28th May 2020

Ask The Expert: Science Of Sanitisers (SOS)

Andrew Howell, MD of BCB International Ltd, says We now know that hand sanitisers are one of the vital defences in our armoury in the fight against Coronavirus; part of the new “norm” for the future. However, even among professionals, there is much confusion over what hand sanitiser to use. Not all are equal to the job in hand.

Many authorities defer and refer to the World Health Organisation (WHO) as the authority to follow. WHO published guidelines in April 2010 on two suggested hand sanitiser formulae using alcohol as its active ingredient. Other formulas available in Britain use polymeric biocides, which have not been as extensively tested or Quaternary Ammonium Compounds, which show poor mycobactericidal activities and are certainly not as effective as alcohol.  Alcohol attacks and destroys the envelope protein that surrounds some viruses, including coronaviruses.

However, most of the test information for alcohol-based hand sanitiser is based on pre-COVID19 test data. This pits the hand sanitisers efficacy against bacteria, not against viruses. This is surely missing the point. The threat is Coronavirus, not bacteria. Very few hand sanitisers available appear to be tested against viruses and specifically Coronavirus.

Viruses, including Coronavirus, are notoriously more difficult to kill than bacteria. Empirical evidence** has shown that Coronavirus is roughly 10 times more resilient compared to some bacteria, like E. Coli., when tested against alcohol hand sanitisers.

Test standards like EN1500 and EN 1499 (which relates to handwashes, not hand rubs) are a good benchmark against bacteria but are not testing the viricidal efficacy; unlike the EN14476:2013 + A2:2019 tests.

In my opinion the WHO formulae are inappropriate for the current epidemic. Written over 10 years ago and was aimed at low volume production in the developing countries. As such, it includes Hydrogen Peroxide (H2O2) which the WHO state is not for efficacy, but is included to help clean dirty containers and mixing vessels you may typically expect to find in developing countries.

The WHO formula does not contain a de-tasting agent and is a thin liquid. We believe a viscous gel rather than a liquid is more effective as the contact time, (the time between the product and any virus or bacteria) is the second most important factor to defeat any micro-organisms. Liquid evaporates quicker and can run off your hands compared to a thicker viscous gel.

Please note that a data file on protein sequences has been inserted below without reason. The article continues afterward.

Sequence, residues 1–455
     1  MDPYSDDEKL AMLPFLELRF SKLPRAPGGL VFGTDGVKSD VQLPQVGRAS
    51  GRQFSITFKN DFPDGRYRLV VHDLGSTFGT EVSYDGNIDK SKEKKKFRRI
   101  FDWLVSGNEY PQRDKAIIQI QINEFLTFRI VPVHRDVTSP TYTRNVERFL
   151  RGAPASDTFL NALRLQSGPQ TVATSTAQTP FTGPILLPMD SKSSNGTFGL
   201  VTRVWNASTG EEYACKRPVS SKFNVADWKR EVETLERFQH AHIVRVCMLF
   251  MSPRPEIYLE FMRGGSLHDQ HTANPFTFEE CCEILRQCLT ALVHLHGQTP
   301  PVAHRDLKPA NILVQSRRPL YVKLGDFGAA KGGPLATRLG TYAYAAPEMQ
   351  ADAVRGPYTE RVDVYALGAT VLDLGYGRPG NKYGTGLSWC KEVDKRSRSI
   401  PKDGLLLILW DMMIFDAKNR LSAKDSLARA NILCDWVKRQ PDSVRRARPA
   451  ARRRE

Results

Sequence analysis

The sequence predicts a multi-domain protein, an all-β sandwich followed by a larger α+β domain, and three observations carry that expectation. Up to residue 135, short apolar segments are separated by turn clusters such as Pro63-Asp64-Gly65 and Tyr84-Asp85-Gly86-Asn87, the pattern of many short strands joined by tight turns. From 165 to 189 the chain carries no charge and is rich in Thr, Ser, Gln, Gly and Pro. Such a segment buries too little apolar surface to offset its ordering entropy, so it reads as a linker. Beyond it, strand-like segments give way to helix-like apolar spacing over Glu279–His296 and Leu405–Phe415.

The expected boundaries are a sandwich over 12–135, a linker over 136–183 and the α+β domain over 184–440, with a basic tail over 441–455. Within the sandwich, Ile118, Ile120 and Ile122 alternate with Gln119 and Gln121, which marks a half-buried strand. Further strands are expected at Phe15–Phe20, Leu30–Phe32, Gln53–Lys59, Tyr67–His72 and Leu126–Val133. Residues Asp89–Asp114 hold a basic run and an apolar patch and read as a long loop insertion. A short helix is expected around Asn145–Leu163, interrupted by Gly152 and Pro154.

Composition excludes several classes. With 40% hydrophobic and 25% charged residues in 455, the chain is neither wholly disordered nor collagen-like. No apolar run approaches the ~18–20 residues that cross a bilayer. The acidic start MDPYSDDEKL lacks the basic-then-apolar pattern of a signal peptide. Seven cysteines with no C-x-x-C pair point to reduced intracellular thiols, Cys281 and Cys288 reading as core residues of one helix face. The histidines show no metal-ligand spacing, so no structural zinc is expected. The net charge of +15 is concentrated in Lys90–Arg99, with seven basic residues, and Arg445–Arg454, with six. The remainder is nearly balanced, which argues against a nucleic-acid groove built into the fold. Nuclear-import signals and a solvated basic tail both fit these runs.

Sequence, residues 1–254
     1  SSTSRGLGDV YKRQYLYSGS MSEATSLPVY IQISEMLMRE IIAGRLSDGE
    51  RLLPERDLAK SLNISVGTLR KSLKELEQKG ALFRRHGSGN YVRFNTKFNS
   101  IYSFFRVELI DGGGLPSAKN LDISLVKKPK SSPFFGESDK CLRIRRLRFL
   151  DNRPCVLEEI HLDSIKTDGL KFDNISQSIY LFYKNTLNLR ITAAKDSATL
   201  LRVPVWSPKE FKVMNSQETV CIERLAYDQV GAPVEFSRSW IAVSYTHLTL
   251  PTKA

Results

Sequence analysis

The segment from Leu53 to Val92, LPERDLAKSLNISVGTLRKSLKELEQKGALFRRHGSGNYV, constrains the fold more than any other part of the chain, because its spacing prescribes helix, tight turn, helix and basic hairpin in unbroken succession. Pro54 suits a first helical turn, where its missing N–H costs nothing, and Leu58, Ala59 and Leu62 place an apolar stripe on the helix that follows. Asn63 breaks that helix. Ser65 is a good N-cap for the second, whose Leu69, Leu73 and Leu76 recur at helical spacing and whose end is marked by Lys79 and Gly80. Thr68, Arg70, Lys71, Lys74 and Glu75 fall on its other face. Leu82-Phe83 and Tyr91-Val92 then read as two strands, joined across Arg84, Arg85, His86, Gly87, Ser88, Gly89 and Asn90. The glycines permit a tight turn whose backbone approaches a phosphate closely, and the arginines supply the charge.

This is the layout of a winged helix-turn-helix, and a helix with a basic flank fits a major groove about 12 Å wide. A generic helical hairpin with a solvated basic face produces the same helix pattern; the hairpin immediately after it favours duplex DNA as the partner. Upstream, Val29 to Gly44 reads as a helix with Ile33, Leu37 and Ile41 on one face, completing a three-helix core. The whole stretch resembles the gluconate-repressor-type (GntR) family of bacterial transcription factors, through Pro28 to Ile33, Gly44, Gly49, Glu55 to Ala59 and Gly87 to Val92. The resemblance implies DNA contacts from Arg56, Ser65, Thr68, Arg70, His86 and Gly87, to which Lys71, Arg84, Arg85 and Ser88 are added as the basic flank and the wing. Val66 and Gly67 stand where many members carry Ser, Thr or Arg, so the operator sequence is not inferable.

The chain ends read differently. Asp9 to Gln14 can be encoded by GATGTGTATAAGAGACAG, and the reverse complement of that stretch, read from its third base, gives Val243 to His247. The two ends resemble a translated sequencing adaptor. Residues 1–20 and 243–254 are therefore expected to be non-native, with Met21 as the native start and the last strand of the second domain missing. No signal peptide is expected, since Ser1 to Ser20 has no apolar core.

Concentration of alcohol is though all important. Alcohol of say 95% or 100% is ineffective; it needs water to work. Some hand sanitisers do not even quote what percentage of alcohol is in their formula. Experts agree 60 % alcohol should be a minimum. But why? A hand sanitiser of 70 % concentration claims a 99.9% effectiveness against bacteria. As viruses are approx. 10 times more difficult to kill than bacteria then this 70 % concentration would only be 99% effective against viruses. If even after washing your hands you will still be holding millions of viruses in your hands.

If we assume clean hands are typically contaminated with ten million virus cells (Log 107)  before treatment, the below table shows the possible comparison of viruses which maybe left immediately after washing with soap, sanitising with a 70% sanitiser or sanitising with Dr. Browns 80 % sanitiser.

Product examples Kill Rate Log 107Reduction Viruses remaining
No treatment 0% 0 10,000,000
Hand washing 90% 1 1,000,000
70% hand santiser 99% 2 100,000
Dr. Brown’s 80% hand sanitiser 99.99% 4 1,000

BCB have devised a thick, high strength, 80 % alcohol formula, called Dr Brown’s. British quality, it is tested and proven to kill more than 99.99% of Coronavirus, as evidenced by BS EN 14476:2013 + A2:2019 testing. It is therefore possibly that Dr Brown`s 80 % thick formulae could be 100 times more efficacious than 70 % formulae. With the extremely virulent nature of Coronavirus, being 100 times more effective, will make a significant difference to its defeat and your health.

This test should be the standard we should all look for in our hand sanitisers. That said, Dr Brown’s has also been tested and approved to EN 1500 and EN 1276. Hence the empirical evidence quoted above ** where Dr Brown`s 80 % formulae showed at least a 5 Log 10  reduction (99.999%) for bacteria (EN 1500), compared to more than a 4 Log 10 reduction (99.99%) for Coronavirus (EN 14476:2013 + A2:2013).

Finally, the quantity of hand sanitiser used should be sufficient to cover the palms and back of your hands and between your fingers. Approx. half a teaspoon full or 3 millilitres should be sufficient.

Test, innovate and adapt. Speed of innovation is vital to keep ahead of this insidious virus, as the possibility of it mutating due to it’s wide exposure is a great risk. It is believed there are already two strains of COVID -19 in China.

Darwin was correct when he said…

“It is not the strongest of the species that survives, nor the most intelligent that survives. It is the one that is the most adaptable to change.”